Needy get brief bounty

December 22, 1992|By Greg Tasker | Greg Tasker,Staff Writer

For Janet Boyd, helping "neighbors in need" is a family tradition.

So Ms. Boyd, the director of E.S.C.A.P.E. Inc. of Sykesville, was among dozens of volunteers yesterday who helped distribute packages of food, clothing and toys to hundreds of needy Carroll County families at Cranberry Mall in Westminster.

"I remember helping my father deliver food baskets for the Lions Club 25 or 30 years ago," recalled Ms. Boyd, whose own children are now community service volunteers. "We delivered to people in three-sided shacks. You don't see that any more but the need is still there."

For example, the annual "Neighbors in Need" program, coordinated by Human Services Programs Inc. in Westminster, will provide Christmas dinner trimmings and gifts to 1,026 families in Carroll. Last year, Neighbors in Need helped 965 families.

About 400 families picked up goodies at the mall yesterday. Helping to pass out donations were volunteers from Carroll County Food Sunday, the Salvation Army, Taneytown Caring and Sharing Ministries, E.S.C.A.P.E. (Enabling Social and Church Advocacy for People Enrichment), Shepherd's Staff and NESAP, the Northeast Social Action Program.

"We're serving people that were laid off, disabled -- people who have come on hard times," said Lynda Gainor, deputy director of the Human Services Programs, a private, non-profit agency that

helps low-income people. "Some of them are Social Services clients."

Other families will receive food and gifts through adopt-a-family programs sponsored by county fraternal and non-profit groups, Ms. Gainor said.

Neighbors in Need -- through community food and gift drives -- provided families with vouchers for milk, eggs, bread and poultry and boxes containing canned goods and cereal.

The volunteers also handed out gifts, coats and stocking stuffers.

"We've given them enough food for a good meal at Christmas plus some staples for the shelf. We know they'll be hungry after Christmas, too," Ms. Gainor said.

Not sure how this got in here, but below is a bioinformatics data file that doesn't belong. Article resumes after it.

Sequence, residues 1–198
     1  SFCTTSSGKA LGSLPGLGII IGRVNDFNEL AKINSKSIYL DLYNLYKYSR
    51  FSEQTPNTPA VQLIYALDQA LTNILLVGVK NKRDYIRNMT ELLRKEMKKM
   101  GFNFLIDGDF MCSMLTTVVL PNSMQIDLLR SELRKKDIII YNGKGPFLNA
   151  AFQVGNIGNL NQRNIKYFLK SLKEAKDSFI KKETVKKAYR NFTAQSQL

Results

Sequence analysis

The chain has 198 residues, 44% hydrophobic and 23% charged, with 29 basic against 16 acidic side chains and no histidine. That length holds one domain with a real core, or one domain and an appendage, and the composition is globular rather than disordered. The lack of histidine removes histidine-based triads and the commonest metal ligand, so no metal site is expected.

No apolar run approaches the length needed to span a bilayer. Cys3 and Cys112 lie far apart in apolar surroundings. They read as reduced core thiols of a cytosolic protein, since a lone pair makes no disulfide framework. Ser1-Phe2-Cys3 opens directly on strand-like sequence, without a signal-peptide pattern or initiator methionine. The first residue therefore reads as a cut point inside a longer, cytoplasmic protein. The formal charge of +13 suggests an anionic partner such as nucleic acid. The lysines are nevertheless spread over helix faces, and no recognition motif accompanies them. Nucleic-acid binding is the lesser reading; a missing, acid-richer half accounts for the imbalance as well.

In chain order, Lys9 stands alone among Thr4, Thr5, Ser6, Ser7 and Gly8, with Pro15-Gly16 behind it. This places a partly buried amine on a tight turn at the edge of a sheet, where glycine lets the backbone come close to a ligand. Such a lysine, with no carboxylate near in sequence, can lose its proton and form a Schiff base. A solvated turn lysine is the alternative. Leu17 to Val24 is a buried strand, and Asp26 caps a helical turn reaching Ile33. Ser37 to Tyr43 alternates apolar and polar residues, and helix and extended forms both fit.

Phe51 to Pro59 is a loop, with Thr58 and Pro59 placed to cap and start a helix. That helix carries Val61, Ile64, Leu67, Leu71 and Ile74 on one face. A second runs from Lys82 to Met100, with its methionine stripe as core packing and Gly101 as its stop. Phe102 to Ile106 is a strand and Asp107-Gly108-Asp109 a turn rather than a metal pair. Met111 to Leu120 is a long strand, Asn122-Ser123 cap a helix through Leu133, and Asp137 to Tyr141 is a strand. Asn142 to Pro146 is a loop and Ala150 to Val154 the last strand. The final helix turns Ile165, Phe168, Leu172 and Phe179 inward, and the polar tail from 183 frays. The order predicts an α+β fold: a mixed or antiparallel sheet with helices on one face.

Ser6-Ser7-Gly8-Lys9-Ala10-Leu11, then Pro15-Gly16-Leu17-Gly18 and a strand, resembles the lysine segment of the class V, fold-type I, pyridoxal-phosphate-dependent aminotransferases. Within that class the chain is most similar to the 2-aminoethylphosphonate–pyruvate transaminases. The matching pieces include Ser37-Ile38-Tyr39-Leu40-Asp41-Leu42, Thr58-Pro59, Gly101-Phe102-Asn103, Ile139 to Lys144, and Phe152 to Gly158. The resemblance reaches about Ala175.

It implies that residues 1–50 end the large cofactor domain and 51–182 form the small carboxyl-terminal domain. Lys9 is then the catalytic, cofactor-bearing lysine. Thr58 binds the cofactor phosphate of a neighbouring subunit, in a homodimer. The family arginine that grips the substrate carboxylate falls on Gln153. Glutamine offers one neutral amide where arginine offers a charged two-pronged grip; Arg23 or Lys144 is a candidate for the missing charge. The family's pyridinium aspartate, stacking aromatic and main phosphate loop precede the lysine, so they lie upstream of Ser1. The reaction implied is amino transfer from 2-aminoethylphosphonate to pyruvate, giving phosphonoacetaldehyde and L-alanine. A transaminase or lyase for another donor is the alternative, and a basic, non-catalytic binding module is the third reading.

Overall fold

Neighbors in Need, an annual clearing house for holiday drives every fall and winter, spent about $40 on each needy child, picking up necessities such as clothing, mittens and shoes, and some toys, Ms. Gainor said.

Toy guns and military playthings were excluded unless they were specifically requested.

The agencies, Ms. Gainor said, also tried to spend $10 on each parent. Many families requested essentials, such as clothes, winter wear, pots and pans and towels.

"Most requests were very minimal," Ms. Gainor said. "Nobody was asking for luxury items. We had a lot of requests for underwear, socks and school supplies."

Few luxury items were distributed. Four children received new bicycles because of a business donation. No Nintendo games or other such items were given out, she said.

"For a lot of people, we met their specific needs," Ms. Gainor said.

Recipients such as Patsy Keeney of Westminster stopped by vacant store space at the mall to pick up boxes of food for Christmas dinner. Ms. Keeney, a 45-year-old grandmother, also found toys and gloves for her grandchildren.

"I think this is real nice," said Ms. Keeney, who said the donations would help make a better Christmas. "I like this."

Volunteers said they found satisfaction in helping others.

Michael Johnson, a 17-year-old Francis Scott Key High senior, was among the members of the school's Varsity Club who helped cart goods to recipients' cars.

"I think being here shows all of us how good we really have it," he said. "There are a lot of people who are less fortunate it than we are. This puts things in perspective."

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